The aim of this Unit is to build appreciation of a variety of data structures which lend themselves to storing different information. The key structure and terminology teachers need to become familiar with is a graph (which can be thought of as a generalisation from the list they will be familiar with). Graphs can represent widely differing problems, but those problems may have common solutions. So if we can abstract the key fundamentals from a problem, we may be able to apply it to another different situation. Throughout the Unit, there is an emphasis on how we can apply abstraction and decomposition to address everyday challenges.
The Unit looks at activities and exercises to establish understanding of the basis of numeric representation through exploring the principles behind digital images, their capture, storage and rendering. Character coding schemes provide an opportunity to consider effective ways to encode the alphabet and explore the basic principles of compression, such as the dictionary approach behind Lempel – Ziv compression techniques. Finally, a practical exploration allows us to demonstrate how ascii characters in a text file can be rendered as a picture. This also introduces the idea of different file formats and the importance of file header information.
This Unit explores the structure of computers and computer processes from the level of individual bits to multitasking and parallel processing computers operating across the internet. The specific outcomes for teachers from this unit, are to:
- Become familiar with Boolean logic and machine architecture.
- Be able to express combinational logic circuits as truth tables.
- Make connections with exemplar circuits in processors (adders).
- Investigate exercises exploring / coding bitwise operations.
- Become familiar with the fetch execute cycle, Von Neumann bottleneck and the potential of parallel processing.
Ultimately, we hope they will leave inspired to introduce some of these key ideas at key stage 3.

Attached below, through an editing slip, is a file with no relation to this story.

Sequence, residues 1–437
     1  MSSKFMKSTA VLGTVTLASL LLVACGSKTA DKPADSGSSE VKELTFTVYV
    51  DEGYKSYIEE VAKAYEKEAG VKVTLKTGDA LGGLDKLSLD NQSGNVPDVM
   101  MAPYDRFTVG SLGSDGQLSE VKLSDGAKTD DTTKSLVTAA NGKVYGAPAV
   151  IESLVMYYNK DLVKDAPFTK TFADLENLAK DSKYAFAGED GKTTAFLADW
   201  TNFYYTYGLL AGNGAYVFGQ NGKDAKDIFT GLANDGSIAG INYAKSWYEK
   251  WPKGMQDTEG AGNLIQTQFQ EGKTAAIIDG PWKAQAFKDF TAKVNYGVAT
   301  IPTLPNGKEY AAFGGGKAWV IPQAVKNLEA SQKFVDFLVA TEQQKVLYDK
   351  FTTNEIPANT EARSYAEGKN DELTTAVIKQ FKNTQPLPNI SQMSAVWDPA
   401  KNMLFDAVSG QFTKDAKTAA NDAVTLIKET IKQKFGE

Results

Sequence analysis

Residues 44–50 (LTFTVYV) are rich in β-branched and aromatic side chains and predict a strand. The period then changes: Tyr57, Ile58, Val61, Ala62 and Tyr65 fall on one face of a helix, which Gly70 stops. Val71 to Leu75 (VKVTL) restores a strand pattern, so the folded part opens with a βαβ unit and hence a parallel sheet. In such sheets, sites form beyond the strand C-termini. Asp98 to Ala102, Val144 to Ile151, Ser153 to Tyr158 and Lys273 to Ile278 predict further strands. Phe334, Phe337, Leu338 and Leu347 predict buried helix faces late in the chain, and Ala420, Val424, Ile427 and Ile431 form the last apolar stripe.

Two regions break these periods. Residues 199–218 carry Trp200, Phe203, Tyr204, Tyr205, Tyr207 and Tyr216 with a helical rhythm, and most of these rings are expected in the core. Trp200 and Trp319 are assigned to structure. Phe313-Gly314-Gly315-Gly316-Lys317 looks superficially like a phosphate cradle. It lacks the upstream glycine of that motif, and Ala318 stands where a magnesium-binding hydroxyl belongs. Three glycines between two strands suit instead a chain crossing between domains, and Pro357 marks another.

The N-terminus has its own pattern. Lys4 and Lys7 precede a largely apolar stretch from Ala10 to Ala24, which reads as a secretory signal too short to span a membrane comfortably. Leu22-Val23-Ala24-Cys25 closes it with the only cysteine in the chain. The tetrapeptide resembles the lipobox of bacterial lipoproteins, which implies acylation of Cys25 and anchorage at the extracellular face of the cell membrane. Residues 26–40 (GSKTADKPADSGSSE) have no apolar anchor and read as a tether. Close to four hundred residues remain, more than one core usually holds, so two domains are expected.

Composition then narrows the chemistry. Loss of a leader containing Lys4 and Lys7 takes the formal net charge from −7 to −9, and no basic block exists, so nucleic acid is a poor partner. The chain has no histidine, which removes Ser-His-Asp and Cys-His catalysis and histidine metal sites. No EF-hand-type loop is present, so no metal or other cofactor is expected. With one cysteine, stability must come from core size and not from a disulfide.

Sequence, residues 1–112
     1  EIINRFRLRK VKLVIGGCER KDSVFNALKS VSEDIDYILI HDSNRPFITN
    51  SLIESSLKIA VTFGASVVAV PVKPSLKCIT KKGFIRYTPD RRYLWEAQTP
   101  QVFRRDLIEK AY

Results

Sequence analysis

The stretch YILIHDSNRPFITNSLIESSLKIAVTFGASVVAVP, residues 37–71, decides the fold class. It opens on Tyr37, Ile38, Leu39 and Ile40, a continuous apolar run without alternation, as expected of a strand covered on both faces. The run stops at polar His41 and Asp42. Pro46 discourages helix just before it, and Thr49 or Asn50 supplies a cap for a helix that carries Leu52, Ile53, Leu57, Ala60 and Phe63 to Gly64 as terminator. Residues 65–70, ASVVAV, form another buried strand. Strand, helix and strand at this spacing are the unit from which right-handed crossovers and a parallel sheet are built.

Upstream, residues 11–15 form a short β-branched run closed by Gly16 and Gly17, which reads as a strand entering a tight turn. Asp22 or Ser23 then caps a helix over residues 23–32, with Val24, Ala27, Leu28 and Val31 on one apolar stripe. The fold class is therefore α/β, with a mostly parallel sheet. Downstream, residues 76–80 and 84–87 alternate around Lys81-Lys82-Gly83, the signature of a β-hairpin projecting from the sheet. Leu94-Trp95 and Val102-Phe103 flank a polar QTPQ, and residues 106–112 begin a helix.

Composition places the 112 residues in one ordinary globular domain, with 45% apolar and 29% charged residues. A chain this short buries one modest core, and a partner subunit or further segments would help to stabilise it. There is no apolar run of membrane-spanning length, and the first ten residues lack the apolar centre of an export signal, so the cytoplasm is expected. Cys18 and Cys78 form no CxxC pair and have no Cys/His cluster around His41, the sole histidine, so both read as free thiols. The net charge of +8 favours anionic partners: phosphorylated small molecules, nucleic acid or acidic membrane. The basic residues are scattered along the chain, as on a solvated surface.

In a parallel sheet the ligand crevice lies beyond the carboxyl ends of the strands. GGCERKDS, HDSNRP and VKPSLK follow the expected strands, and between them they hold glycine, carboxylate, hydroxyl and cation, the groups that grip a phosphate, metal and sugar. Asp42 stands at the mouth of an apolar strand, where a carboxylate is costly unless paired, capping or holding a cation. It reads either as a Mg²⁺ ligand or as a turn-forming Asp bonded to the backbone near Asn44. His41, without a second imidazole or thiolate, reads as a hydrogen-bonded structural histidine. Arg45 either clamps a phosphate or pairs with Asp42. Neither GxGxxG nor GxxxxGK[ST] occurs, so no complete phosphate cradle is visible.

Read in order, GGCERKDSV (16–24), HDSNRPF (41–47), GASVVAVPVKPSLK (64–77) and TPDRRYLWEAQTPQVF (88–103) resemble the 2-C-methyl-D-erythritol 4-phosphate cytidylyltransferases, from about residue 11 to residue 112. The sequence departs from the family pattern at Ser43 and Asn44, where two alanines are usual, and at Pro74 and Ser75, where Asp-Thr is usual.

Open any GCSE textbook and you will see a diagram describing computation in terms of Input – Process - Output. It is a convenient starting point for a discussion. Ask a class the question; ‘What is a computer?’ and you’ll receive a variety of answers. Some will focus on a physical description, others might try to explain how a computer works, naming internal components. This Unit explores the representation of computers and computer processes using the construct of finite state machines ranging from the humble hairdryer through to Turing's model of a computer.
This Unit is designed to introduce teachers to core ideas about agent based modelling and give them practical experience of modifying existing models. The core challenges are supplemented with a range kinaesthetic activities to build awareness of decentralised systems.
By the end of the Unit, attendees will have had practical exposure to two well known modelling tools, one block based (StarLogoTNG/Nova) and one text based (NetLogo) as well as West Point Bridge Designer (the deterministic, analytical modelling software).
Along the way they will have considered a pedagogical framework for introducing modelling activities to children that starts by using and exploring models as a precursor to building their own.